By Susan Hildreth, Director, Institute for Museum and Library Services.

If you are looking for a place where you and your child can have fun, learn new and exciting things, inspire a real love of learning, and build important skills and knowledge –You may not need to look further than your own city!

Libraries and museums are trusted and family-friendly attractions that are located all across the country.  More than ever, they are becoming an integral part of many communities’ plans to ensure that important early learning experiences are available to all children and their families.

Parents and caretakers play an important role in assisting with their children’s early learning and finding low-cost or no-cost places to play and learn together can sometimes be a challenge. Libraries and museums of all kinds – including:

  • Children’s museums
  • Art, Science and History museums
  • Zoos, Botanical Gardens, Nature Centers and Aquariums


…. are all welcoming places where you can borrow books, learning backpacks, and other materials to use at home.  You can also go to explore the lives of animals, build a robot, help plant a garden, listen to or create your own digital stories, or just get your hands on new and unusual artifacts and materials – and see what you can discover and create! 

 

Growing Young Minds: How Museums and Libraries Create Lifelong Learners, a recent report from the Institute for Museum and Library Services and the Campaign for Grade-Level Reading, shows the many ways museums and libraries suppport early learning and summer learning.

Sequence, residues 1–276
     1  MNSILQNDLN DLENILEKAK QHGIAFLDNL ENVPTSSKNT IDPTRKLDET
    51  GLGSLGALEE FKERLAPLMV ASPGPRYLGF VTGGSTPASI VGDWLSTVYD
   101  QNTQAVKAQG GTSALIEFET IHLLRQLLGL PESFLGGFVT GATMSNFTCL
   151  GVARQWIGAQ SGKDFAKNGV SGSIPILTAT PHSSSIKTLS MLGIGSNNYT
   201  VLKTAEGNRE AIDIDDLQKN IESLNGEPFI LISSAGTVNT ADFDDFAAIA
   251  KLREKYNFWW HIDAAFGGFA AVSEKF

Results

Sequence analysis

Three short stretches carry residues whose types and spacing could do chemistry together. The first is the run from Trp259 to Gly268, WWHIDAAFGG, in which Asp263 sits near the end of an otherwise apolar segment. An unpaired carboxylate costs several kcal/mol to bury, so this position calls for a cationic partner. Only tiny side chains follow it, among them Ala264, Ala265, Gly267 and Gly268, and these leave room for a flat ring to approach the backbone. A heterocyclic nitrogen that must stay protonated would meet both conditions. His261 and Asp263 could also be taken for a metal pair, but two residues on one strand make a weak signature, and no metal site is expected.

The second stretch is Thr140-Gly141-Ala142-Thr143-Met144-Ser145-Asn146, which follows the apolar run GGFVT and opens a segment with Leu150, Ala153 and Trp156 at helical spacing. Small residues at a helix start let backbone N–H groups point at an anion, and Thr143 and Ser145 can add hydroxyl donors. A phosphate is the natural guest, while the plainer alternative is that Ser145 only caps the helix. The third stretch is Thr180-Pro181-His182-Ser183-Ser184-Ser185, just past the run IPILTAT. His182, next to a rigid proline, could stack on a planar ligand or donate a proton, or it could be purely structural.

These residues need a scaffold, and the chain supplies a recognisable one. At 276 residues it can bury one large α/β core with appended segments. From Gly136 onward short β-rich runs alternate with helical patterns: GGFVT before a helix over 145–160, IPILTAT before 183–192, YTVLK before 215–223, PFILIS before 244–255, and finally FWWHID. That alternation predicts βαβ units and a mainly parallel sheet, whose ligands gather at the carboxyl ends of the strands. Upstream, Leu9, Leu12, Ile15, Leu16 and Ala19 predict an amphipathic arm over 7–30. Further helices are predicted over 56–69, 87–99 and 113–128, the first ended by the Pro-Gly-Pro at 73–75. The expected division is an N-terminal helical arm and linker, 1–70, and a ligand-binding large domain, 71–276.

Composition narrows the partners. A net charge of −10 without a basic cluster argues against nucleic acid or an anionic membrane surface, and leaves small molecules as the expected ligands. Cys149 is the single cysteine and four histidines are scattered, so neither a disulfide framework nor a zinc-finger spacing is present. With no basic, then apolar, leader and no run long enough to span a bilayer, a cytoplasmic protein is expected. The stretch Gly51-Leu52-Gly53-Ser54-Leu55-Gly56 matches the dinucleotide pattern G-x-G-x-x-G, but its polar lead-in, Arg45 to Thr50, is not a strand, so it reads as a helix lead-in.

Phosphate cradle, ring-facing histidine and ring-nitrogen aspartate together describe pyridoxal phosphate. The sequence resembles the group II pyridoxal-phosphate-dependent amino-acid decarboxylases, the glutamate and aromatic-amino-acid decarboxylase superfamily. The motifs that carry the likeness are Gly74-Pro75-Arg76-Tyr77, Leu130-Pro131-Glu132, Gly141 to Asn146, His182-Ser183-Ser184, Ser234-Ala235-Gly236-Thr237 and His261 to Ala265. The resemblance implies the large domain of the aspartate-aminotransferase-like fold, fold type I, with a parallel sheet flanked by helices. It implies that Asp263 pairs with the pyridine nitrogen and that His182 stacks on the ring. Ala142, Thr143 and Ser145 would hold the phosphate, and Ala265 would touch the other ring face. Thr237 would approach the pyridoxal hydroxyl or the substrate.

Some examples of museums and libraries around the country that are helping families connect around learning:

  • Boston’s Children Museum has created its own replica of a kindergarten classroom complete with activities and information to help children and their parents prepare for starting school
  • Idaho libraries use their digital assets to bring story time to families and children in rural areas of the state
  • Denver has a city-wide program at 15 arts and cultural institutions that offers free access to five cultural experiences to children through the year they turn five
  • New Orleans is building a new post-Katrina Children’s Village: co-locating the Louisiana Children’s Museum with centers for literacy, parenting, early childhood research, nature, health, and child care
  • In Houston and in many museums and libraries across the country, Para los Ninos a Spanish-language family learning program is offered
  • At the Hamill Family Zoo at Chicago’s Brookfield Zoo, children and families touch animals, build habitats, paint murals, look at animal x-rays, and dress up like birds – all while learning new things about animals
  • In Atlanta, children visiting the Children’s Garden at the Atlanta Botanical Gardens participate in cooking classes in the Edible Garden outside kitchen

As U.S. Secretary of Education, Arne Duncan has said, “We have to do everything we can to give all of our children opportunities to get off to a strong start, and … libraries as well as all kinds of museums, science centers and zoos are trusted, welcoming places where children can make discoveries, deepen interests, and connect their natural curiosity to the wider world – developing the skills they need for a lifetime of learning.” 

Check your local library or museum to see the events and attractions available for your family to learn!


About the Author: Susan Hildreth has been director of the federal Institute of Museum and Library Services (IMLS) since 2011. Through grant making, policy development, and research,  IMLS helps libraries and museums advance innovation, lifelong learning and cultural and civic engagement.